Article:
The insanity of our situation is difficult to comprehend. I find my mind shrinking away from it or sliding into denial by dwelling on the minutiae of various arguments. At times I almost buy the argument of those in power that we can’t get off the fossil fuel train because doing so will hurt the working class and poor – until I recognize this is really an argument that says, “If you stop the fossil fuel train, we’ll do nothing to help the working class and poor; we’ll take our money and run and let the poor folks deal with the consequences.”

Maybe it’s that the insanity of continuing business as usual when we’re obviously killing ourselves is just too much to face. I imagine good people in Nazi Germany looked the other way when they suspected something was amiss at concentration camps because they simply couldn’t imagine that such atrocities could happen. It was beyond belief. But just because we can’t imagine something doesn’t mean it can’t happen.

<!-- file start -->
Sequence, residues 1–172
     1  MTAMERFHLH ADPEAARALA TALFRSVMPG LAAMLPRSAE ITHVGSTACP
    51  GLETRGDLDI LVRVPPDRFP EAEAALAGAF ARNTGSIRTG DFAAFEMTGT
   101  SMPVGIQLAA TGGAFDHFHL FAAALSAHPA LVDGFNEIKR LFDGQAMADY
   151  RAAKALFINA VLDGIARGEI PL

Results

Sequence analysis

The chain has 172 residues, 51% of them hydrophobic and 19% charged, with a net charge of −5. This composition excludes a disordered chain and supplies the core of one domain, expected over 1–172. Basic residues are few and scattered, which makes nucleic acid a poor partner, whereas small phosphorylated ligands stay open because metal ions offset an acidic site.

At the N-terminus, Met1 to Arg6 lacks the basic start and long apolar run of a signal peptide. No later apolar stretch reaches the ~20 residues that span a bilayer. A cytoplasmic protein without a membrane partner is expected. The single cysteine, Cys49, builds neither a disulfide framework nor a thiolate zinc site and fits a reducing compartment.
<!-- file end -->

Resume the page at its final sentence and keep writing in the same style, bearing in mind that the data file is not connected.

Is a Crazy Response an Appropriate Response to Insanity?

When I really open my mind to our predicament, when I let down my guard and absorb what’s happening, I’m reminded of the woman scientist, Kate Dibiasky, from the movie “Don’t Look Up.” (I plan to do a whole episode on that movie at some point, I highly recommend it as a modern morality tale about our climate emergency.) In the movie, the imminent threat to life on earth is a comet, set to strike the planet in 6 months. The two scientists who discovered the threat end up trying to convince the government to take action, but they encounter a surreal but entirely realistic quagmire of denial, distraction, greed, and sensationalism. At one point, after facing inane questions that make a joke out of the warnings the scientists are trying to give, Kate screams on live television, “There’s a 100% chance that we’re all going to die!” Everyone thinks she’s overemotional and crazy and the video of her outburst goes viral in the most denigrating ways.